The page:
I can’t now find the post, but someone this morning (28 December 2013) posted a link to an article in the Baton Rouge, Louisiana Advocate -- http://theadvocate.com/home/7777931-125/state-warehouse-seeks-funds-for
The article begins by describing the sorry situation at the Louisiana state facility charged with caring for the archaeological collection from El Nuevo Constante, a 1766 Spanish shipwreck excavated in 1979. There is supposedly a federal-state fund earmarked to support the facility (which I take from the article to be a general state curation facility), but money from it is being siphoned off by the state legislature to be applied to other purposes. The State Archaeologist is quoted as saying that he barely has money to pay a single staff member.
The article then segues an archaeological project being carried out in advance of state medical center construction, which is producing lots and lots of artifacts – far too many to be accommodated by the state’s storage facility. The conclusion, ascribed to the archaeologist in charge, is that “the collection will have to be culled.”
“Culled.” On the chicken ranch where I grew up, that meant chopping the heads off the chickens we couldn’t market and consigning them to the stewpot. As applied to archaeology, it means taking the artifacts and other material you can’t fit in your curatorial facility and –
Well, “and” what? Probably dumping it back into your excavations and burying it, or consigning it to a landfill. It almost certainly does not mean giving it away or – worse yet – selling it, because that would encourage private ownership of artifacts, and we all know – our professional organizations and professors beat it into our heads – that private ownership of artifacts is a sin.
The Advocate article describes a situation with which most archaeologists and archaeological curators are all too familiar -- it's been discussed from time to time in professional and government circles as "the curation crisis." In a nutshell: we just have too much stuff, and not enough space and money to take care of it all.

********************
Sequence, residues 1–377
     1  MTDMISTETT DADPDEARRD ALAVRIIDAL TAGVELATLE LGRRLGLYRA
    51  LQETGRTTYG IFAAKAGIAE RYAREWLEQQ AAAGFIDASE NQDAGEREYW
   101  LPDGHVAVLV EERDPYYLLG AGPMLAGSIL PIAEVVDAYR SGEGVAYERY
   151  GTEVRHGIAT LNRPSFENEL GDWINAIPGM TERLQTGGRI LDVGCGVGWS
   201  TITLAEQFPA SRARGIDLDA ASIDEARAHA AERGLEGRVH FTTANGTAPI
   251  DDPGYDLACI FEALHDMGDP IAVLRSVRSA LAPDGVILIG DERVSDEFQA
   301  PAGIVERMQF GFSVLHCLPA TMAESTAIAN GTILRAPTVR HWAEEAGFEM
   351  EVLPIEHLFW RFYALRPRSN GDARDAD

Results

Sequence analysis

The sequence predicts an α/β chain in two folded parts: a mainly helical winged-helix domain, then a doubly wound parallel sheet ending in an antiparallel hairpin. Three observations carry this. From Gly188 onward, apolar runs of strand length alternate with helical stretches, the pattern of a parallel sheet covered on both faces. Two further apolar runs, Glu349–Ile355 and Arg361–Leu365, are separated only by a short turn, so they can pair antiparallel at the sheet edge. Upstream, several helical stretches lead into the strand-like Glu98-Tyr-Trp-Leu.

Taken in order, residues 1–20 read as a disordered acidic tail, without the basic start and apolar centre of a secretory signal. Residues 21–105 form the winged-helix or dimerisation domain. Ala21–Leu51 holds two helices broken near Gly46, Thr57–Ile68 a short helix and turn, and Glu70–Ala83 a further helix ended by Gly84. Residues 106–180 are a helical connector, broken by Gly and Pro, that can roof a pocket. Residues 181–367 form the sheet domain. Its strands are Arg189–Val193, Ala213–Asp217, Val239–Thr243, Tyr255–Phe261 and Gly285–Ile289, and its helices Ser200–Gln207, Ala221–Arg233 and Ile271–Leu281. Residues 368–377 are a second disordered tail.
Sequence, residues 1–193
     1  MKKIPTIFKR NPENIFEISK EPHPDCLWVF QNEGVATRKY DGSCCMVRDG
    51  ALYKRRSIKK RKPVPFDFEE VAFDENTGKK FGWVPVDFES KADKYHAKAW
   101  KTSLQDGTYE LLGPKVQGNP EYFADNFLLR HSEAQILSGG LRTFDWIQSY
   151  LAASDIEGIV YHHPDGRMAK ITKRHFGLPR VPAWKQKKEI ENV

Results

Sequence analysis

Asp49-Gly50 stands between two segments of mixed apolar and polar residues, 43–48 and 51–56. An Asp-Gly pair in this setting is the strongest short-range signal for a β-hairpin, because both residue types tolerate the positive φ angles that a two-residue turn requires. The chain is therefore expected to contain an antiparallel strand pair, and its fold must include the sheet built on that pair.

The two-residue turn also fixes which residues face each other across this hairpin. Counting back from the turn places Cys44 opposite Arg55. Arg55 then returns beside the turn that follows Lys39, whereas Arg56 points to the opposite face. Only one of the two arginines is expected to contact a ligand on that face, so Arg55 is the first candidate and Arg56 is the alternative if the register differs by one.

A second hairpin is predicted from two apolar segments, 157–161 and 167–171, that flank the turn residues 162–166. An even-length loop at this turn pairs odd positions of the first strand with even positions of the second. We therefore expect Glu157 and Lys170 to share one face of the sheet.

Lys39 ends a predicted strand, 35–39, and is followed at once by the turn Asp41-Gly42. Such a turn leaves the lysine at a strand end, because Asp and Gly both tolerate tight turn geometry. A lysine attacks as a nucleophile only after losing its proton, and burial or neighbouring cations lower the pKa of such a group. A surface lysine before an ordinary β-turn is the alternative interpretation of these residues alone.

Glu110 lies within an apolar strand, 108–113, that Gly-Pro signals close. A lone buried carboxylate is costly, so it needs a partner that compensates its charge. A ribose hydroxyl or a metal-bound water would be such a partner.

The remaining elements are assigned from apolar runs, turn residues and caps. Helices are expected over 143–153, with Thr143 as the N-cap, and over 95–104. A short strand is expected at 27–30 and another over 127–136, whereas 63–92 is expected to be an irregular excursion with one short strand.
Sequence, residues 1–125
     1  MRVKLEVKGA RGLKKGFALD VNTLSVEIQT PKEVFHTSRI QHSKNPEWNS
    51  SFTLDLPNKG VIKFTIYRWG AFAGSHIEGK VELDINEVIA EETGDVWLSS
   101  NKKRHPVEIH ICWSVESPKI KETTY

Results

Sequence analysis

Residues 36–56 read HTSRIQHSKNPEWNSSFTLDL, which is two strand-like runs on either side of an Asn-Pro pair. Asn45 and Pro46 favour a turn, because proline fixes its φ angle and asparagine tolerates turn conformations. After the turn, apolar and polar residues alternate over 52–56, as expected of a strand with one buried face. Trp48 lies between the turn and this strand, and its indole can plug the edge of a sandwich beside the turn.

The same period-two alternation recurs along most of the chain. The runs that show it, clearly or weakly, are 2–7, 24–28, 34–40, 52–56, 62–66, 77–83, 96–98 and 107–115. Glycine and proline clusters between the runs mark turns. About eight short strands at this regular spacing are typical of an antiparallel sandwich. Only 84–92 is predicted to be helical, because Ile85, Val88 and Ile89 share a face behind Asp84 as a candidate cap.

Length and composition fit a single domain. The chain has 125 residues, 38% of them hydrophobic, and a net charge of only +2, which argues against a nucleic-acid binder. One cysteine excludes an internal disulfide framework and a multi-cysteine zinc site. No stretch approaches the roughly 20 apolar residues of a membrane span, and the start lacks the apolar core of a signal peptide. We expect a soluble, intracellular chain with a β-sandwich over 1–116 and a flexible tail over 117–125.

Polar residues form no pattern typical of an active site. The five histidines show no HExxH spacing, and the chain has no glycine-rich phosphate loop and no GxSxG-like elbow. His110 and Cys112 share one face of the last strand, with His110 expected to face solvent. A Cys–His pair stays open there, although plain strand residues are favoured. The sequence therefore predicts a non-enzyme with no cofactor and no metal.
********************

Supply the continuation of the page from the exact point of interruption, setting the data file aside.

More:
We complain about the curation crisis all the time; we wring our hands and bemoan the situation; we seek money for new and better and expanded curatorial facilities, and sometimes we get it. But increasingly we don’t; governments have other priorities.
So we adapt – by storing stuff under suboptimal conditions (in cardboard boxes under desks in offices, in musty attics and soggy basements), or by “culling” and dumping stuff, or by not collecting it in the first place, which raises questions about why those laws requiring attention to archaeological sites even exist.
Is there an alternative?
Whenever I see an article like the Advocate piece dealing with a shipwreck, I refer it to my friend Greg Stemm, CEO of Odyssey Marine Exploration in Tampa, Florida – a firm that does (among other things) very good deep-ocean archaeology and very selectively markets some of what it recovers. After reading the Advocate article, Greg commented dryly that he suspected it was just the tip of the iceberg – that many, many collections are being “culled” or just left to deteriorate, but that nobody in the archaeological and museum communities want to talk about it. I think he’s right.